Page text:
Dario Gabbai, a Final Witness to Auschwitz, Is Dead at 97

Germany invaded Greece in the spring of 1941 and in February 1943 confined the Jews to two ghettos. Deportations to Auschwitz began shortly after. Mr. Gabbai and his family were among the last rounded up and, in April 1944, were sent on an 11-day journey crammed in cattle cars with little food and no toilet.

Upon arrival at Auschwitz, Dario saw his father, mother and youngest brother dispatched to the gas chambers. (A sister had died as an infant, before Auschwitz.) Athletic and muscular at 21, he was selected, along with his older brother, Jakob, as Sonderkommandos at nearby Birkenau.

Soon he was disposing of the corpses of newly arrived Hungarian Jews. More than 6,000 were killed each day, according to Mr. Berenbaum, a professor of Jewish studies at American Jewish University in Los Angeles.

In the few minutes that the gas chamber doors were locked, Mr. Gabbai could hear the hundreds of women and children screaming, crying and scratching the walls in desperate efforts to breathe. When the doors opened, he and other Sonderkommandos had to climb over bodies piled five and six feet high to harvest glasses, gold teeth and prosthetic limbs, before hauling out the corpses and washing down floors and walls covered in blood and excrement.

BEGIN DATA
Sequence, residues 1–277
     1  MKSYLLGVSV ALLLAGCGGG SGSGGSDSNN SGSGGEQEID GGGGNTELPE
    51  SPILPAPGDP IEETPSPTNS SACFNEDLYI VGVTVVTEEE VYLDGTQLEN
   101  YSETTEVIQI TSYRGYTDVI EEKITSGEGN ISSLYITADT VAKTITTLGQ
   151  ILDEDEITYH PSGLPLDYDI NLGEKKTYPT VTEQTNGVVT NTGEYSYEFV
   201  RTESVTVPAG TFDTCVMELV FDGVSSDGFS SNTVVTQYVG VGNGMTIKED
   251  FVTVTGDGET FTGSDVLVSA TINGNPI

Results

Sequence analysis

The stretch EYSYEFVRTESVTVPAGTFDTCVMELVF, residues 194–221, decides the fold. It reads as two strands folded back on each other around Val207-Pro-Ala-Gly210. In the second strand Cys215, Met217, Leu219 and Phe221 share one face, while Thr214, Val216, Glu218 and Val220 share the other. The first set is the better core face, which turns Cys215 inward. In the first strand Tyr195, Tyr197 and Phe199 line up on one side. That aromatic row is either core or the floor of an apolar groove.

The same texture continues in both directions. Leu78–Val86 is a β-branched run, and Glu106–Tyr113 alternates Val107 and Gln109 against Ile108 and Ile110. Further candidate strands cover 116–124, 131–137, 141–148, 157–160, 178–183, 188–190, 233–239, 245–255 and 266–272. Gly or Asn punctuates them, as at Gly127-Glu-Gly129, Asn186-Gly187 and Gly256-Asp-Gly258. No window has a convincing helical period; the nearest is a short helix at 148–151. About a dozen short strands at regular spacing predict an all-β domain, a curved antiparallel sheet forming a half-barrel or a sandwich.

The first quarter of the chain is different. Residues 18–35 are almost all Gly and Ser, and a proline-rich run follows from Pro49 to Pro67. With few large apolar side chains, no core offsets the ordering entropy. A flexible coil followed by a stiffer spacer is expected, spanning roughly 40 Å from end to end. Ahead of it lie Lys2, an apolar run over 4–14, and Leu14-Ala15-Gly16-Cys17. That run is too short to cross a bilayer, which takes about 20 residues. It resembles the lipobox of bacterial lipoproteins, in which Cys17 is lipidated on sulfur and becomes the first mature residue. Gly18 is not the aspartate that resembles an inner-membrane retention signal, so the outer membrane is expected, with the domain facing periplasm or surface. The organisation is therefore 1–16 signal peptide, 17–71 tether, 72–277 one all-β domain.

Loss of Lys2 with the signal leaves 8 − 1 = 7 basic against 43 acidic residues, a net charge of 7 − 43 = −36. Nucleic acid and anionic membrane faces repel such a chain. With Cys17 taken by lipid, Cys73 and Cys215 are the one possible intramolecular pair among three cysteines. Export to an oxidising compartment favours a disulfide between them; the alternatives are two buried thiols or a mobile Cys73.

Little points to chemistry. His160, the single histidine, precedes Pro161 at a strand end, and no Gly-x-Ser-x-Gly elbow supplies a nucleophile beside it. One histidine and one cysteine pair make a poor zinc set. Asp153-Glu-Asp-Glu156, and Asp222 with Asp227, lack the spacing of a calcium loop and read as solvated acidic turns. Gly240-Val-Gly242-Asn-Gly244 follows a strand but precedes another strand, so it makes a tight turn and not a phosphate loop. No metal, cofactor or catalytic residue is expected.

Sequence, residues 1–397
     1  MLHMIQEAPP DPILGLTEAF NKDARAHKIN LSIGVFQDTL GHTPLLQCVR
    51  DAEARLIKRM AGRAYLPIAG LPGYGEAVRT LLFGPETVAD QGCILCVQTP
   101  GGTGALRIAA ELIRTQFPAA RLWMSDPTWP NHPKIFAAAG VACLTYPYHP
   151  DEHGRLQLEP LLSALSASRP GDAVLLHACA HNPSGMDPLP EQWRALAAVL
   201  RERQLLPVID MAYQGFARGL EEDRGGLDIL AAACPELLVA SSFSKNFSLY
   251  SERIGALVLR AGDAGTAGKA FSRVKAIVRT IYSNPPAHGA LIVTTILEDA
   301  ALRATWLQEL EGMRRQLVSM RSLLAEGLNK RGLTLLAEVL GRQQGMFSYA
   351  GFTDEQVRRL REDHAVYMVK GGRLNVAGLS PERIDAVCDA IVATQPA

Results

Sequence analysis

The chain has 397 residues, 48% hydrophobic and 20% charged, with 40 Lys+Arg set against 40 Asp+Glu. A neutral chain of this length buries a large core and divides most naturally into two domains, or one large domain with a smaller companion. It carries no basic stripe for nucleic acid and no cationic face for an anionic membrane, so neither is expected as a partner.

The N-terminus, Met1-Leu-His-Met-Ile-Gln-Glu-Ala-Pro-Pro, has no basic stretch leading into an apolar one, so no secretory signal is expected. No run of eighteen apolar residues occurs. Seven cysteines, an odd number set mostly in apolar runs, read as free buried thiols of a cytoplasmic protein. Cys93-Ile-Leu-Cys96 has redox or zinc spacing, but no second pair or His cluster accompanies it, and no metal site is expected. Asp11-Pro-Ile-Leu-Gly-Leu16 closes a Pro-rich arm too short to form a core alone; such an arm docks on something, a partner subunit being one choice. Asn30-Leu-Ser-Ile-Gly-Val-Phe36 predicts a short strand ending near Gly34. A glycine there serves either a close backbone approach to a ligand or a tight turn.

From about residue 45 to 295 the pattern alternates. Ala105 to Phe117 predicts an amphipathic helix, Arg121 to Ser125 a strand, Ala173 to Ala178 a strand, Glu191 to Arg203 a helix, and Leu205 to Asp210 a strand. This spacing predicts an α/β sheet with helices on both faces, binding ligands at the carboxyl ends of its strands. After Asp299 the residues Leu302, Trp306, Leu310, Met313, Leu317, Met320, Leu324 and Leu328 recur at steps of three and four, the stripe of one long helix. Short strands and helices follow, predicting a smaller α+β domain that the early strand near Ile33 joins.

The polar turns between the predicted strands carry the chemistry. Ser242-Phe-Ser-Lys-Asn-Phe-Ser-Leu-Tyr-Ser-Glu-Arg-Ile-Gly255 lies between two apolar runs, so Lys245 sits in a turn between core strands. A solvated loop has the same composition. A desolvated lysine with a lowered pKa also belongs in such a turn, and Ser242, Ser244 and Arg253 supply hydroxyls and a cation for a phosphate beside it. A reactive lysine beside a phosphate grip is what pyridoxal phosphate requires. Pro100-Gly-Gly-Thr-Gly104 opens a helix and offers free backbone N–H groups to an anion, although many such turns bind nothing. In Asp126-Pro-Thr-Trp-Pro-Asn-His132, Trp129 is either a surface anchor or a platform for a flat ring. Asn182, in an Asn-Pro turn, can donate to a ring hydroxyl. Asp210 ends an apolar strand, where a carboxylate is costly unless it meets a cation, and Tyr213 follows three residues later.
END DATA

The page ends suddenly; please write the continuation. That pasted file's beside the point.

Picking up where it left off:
Mr. Gabbai also recalled being handed scissors and ordered to cut the hair off the women, so it could be used to make blankets and socks for German soldiers. When a sound emerged from a corpse, he said, he was so sickened that he said to himself, “Where is God?”

“I saw the people I just saw alive, the mother with the kids in their arms, some black and blue from the gas, dead,” Mr. Gabbai said. “I said to myself — my mind went blind, how can I survive in this environment?”

Mr. Gabbai and other Sonderkommandos would then drag the bodies to an elevator that would lift them one flight to the furnace floor. There was also a dissecting room, where jewels and other valuables hidden in body crevices would be removed. To endure such grim work, Mr. Gabbai told friends, he “shut down” and became an “automaton.”

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